Why does a change in the price level move the quantity of goods and services demanded in the opposite direction? To answer this question, it is useful to recall that an economy’s GDP (which we denote as Y) is the sum of its consumption (C), investment (I), government purchases (G), and net exports (NX).

                                                   Y=C+I+G+NX + NX

Each of these four components contributes to the aggregate demand for goods and services. For now, we assume that government spending is fixed by policy. The other three components of spending=consumption, investment, and net exports-depend -en economic conditions and, in particular, on the price level. To understand the downward slope of the aggregate-demand curve, therefore, we must examine how the pricelevel affects the  quantity of goods and services demanded for consumption, investment, and net exports.

The Price Level and Consumption: The Wealth Effect Consider the money that you hold in your wallet and your bank. account, The nominal value of this money is fixed: One dollar is always worth one dollar. Yet the real value of a. dollar. is not fixed. Jf a candy bar costs 1 dollar, then a dollar is worth one candy bar. If the price of a candy bar falls to 50 cents, then 1 dollar is worth two candy bars. Thus, when the price level falls, the dollars you are holding rise in value, which increases your real wealth and your ability to buy goods and services.

The Price Level and Investment: The Interest-Rate Effect The price level is one determinant of the quantity of money demanded, The lower the price level, the less money households need to hold to buy the goods and services they want. Therefore, when the price level falls, households try to reduce their holdings of money ‘by lending some of it out. For instance, a household .might use its excess money to buy interest bearing bonds. Or it might deposit its excess money in an interest-bearing savings account, and the bank would use these funds to make more loans. In either case, as households try to convert some of their money into interest-bearing assets, they drive down interest rates. (The next chapter analyzes this in more detail.)

Interest rates, in turn, affect spending on. goods and services. Because a lower interest rate makes, borrowing less expensive encourages firms to borrow more to invest in new plants and equipment.It encourages households to borrow more to invest in new housing. (A lower interest rate might also stimulate consumer spending, especially large durable purchases such as cars, which are often bought on credit. 5 Thus, a lower interest rate increases the quantity of goods and services demanded.

The Price and Net Exports: The Exchange-Rate Effect As we have ‘just discussed, a lower price levil in the United States lowers the US. interest rate, In response to the lower interest rate, some US. investors will seek higher returns  investing abroad, For instance, as the interest rate on US. government bonds falls, a mutual fund might sell US. government bonds to buy German government bonds. As the mutual fund tries to convert its doll~s into euros to buy the German bonds, it increases the supply of dollars in the market for foreign-currency exchange.

The change in relative prices affects spending, both at home and abroad. Because foreign goods are now more expensive, Americans buy less from other countries, causing U.S. imports of goods and services to decrease. At the same time, because U.S. goods are now cheaper, foreigners buy more from the United States, so U.S. exports increase. Net exports equal exports minus imports, so both of these changes cause U.S. net exports to increase. Thus, the fall in the real exchange value of the dollar leads to an increase in the quantity of goods and services demanded.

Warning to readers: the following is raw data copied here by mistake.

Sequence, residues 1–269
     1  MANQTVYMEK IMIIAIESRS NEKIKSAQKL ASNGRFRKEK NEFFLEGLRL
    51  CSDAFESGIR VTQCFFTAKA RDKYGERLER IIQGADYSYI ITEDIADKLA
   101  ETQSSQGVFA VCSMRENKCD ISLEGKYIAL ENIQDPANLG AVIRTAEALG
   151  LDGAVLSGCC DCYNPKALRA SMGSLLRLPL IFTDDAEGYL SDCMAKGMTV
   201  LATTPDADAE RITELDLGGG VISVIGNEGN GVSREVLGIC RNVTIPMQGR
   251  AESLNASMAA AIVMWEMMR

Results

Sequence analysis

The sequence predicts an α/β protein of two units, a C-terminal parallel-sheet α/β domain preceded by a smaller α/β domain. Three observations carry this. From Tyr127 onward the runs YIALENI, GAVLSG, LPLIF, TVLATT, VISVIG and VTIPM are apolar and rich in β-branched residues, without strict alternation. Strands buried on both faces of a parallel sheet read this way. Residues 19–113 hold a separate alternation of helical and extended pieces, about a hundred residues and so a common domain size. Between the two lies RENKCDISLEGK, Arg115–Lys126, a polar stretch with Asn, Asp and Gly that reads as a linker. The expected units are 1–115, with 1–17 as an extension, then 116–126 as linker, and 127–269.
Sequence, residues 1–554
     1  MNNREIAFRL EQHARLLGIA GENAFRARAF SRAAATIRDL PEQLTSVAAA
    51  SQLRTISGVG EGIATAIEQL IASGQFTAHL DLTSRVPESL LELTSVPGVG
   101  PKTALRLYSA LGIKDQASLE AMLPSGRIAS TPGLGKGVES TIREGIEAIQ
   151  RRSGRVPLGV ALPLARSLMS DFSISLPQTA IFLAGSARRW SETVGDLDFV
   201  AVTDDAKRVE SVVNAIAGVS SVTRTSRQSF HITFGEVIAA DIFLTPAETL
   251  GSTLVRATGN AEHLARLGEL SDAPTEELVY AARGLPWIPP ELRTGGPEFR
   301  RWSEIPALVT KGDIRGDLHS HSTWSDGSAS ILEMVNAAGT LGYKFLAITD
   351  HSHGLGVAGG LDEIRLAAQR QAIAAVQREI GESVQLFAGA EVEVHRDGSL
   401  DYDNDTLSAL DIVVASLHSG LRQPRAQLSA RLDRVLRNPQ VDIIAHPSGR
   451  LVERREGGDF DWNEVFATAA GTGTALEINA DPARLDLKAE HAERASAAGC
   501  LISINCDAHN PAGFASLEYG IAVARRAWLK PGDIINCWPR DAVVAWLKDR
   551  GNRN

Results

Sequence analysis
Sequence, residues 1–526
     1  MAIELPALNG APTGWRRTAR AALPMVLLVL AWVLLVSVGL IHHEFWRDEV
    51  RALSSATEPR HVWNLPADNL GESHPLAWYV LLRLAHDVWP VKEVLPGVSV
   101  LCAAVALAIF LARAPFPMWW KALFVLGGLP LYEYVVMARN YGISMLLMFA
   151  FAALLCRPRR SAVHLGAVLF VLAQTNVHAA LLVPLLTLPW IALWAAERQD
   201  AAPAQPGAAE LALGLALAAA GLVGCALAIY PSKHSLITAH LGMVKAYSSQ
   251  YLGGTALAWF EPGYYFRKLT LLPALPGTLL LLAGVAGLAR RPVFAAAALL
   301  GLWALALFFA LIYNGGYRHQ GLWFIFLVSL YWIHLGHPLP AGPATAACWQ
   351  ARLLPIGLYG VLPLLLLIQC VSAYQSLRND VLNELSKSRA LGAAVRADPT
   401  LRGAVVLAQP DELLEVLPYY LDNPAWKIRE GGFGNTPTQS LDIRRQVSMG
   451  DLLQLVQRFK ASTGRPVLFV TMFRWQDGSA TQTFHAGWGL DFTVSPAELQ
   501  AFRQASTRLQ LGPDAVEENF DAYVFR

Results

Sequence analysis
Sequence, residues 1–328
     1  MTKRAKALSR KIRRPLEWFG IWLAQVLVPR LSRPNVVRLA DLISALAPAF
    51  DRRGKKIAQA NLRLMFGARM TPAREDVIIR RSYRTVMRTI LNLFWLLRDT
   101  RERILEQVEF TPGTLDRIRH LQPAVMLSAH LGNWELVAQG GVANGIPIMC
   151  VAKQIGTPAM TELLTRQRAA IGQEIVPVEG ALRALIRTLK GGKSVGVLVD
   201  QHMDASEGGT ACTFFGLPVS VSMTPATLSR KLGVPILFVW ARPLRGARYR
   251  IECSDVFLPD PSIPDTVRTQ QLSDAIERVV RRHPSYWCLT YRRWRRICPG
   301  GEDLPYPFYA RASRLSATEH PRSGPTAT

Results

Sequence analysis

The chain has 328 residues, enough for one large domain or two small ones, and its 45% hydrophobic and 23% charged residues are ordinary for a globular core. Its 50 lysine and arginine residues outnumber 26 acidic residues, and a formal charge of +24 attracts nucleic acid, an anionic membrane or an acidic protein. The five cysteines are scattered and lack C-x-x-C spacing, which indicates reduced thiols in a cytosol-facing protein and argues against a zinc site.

This gives us a third reason the aggregate demand curve IS downward sloping. When a fall in the u.s. price level causes Us. interest rates to fall, the real value of the dollar declines in foreign exchange markets, and this depreciation stimulates US. net exports and thereby increases the quantity of goods and services demanded. Conversely, when the Us. price level rises and causes US interest rates to rise, the real value of the dollar increases, and this appreciation reduces US. net exports and the quantity of goods and services demanded.

Summary There are three distinct but related reasons a fall in the price level increases the quantity of goods and services demanded:

1. Consumers are wealthier, which stimulates the demand for consumption goods.

2. Interest rates fall, which stimulates the demand for investment goods.

3. The currency depreciates. which stimulates the demand for net exports.

The same three effects work in reverse: When the level rises, decreased wealth depresses consumer spending, higher interest rates depress investment spending, and a currency appreciation depresses net exports.

Here is a thought experiment to hone your intuition about these effects. Imagine that one day you wake up and notice that, for some mysterious reason, the prices of all goods and services have fallen by half, so the dollars you are holding are worth twice as much. In real terms, you now have twice as much money as you had when you went to bed the night before. What would you do with the extra money? You could spend it at your favorite restaurant, increasing consumer spending. You could lend it out (by buying a bond or depositing it in your bank), reducing interest rates and increasing investment spending. Or you could invest it overseas (by buying shares in an international mutual fund), reducing the real exchange value of the dollar and increasing net exports. Whichever of these three responses you choose, the fall in the price: level leads to an increase in the quantity of goods and ·services demanded. This is what the downward slope of the aggregate-demand curve represents.

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